Amercan authors make their lives an open book (photo courtesy of Guillame Morissette)

Ladies’ Book Night provides brutal honesty among hilarity

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Librarie Drawn and Quarterly, a snug little bookstore in the Plateau, welcomed four American writers—Mira Gonzalez, Elizabeth Ellen, Chloe Caldwell, and Chelsea Marti—to present their monotone yet dynamically comic collections in spoken word. The synergetic flow between the four writers is astounding, yet makes perfect sense. All four women write poetry, novellas, short stories, and everything in between. It was hard not to enjoy yourself in the laid-back atmosphere of the bookstore, despite how packed the venue was. However, the content of the writing could be a turn off for some. It is painfully truthful, and sometimes feels a bit like a list of ‘first-world problems.’ Each woman forcefully imposes her deepest, most taboo and dark secrets on us, inciting a sense of proximity and accessibility rarely achieved even with our closest confidants.
Author Guillaume Morissette hosted the event with charming sincerity, introducing the authors with a selection of their tweets—which are, in fact, an integral volume of their writing. Unrestrained laughter ensued. Coming to the stand first, in a Teenage Mutant Ninja Turtle costume, was Ellen. Her poetry is resistant to sending an email, to unconstrained loving, and to life. The sheer honesty and truthfulness of it is shocking—it puts a mirror up to your face, and forces you to look at the harsh reality of your existence. While it is powerful, it is somewhat unrelatable. These are specifically western middle class issues, and while this does not detract from the poetry’s poignancy and value, it does narrow its scope.
Next, Caldwell presented a chapter from her novella entitled Women (2014), which delves into a relationship between a married woman and her much younger mistress. This tumultuous relationship is presented in a factual and even conversational tone. Caldwell states that she “breaks all the Creative 101 rules, which [includes] Show, don’t tell.” Breaking through the boundaries of normative styles of writing, this narrative follows in the steps of the Italian Neorealists in its grit and realism. It’s a dark and somewhat pessimistic view. The poetry explodes into the new world of the internet, with online dating and new paradigms of thinking about gender identity, while always harking back to the age old quest for happiness.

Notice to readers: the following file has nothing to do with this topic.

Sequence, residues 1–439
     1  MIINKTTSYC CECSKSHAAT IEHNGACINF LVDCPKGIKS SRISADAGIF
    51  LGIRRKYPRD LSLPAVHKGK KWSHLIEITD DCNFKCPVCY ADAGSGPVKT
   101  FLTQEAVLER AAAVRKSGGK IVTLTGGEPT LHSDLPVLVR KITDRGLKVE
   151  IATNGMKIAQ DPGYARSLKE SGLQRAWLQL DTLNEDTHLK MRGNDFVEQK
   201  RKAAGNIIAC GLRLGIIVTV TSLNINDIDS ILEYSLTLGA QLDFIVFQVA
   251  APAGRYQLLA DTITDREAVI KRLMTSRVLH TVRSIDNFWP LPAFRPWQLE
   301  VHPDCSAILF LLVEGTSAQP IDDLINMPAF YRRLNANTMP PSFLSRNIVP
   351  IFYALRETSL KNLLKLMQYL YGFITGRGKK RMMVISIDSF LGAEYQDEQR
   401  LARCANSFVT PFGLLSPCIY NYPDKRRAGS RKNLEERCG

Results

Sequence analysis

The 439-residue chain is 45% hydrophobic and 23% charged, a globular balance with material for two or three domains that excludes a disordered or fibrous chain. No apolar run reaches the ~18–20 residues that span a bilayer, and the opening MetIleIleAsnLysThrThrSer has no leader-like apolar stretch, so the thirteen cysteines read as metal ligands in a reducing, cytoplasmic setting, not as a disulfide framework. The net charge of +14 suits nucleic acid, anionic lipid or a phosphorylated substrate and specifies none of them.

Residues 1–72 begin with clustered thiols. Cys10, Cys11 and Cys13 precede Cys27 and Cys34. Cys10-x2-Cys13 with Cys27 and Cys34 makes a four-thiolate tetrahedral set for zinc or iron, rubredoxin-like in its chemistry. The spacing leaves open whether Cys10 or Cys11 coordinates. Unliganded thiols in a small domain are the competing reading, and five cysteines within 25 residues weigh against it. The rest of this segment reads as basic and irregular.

Martin followed Caldwell with an anti-poetic series of internal struggles, titled Even Though I Don’t Miss You (2013). The words form an oxymoron of the un-poetically poetic, and seemingly massive yet minuscule events in her life—like eating a pizza pocket completely frozen. The apathy with which she presents these events makes it strangely relatable and hilarious.
Gonzalez was up next, and continued this unrelenting lack of desire for change. Her writing, entitled I Will Never Be Beautiful Enough to Make us Beautiful Together speaks to a generation living in a daze of technological immersion, losing touch with the vivacity of living in the moment. Her writing, and speech is a self-deprecating parody of ‘now.’
All of the works presented expressed the reality of an individual—significant in their specificity and the compassion they trigger. While this post-modern millennial generation of writers is distinct and fresh, their writing is not universal. Entering their realm, we need to break free of conservative shackles, and come ready to unfasten our preconceptions about writing and its grand aspirations.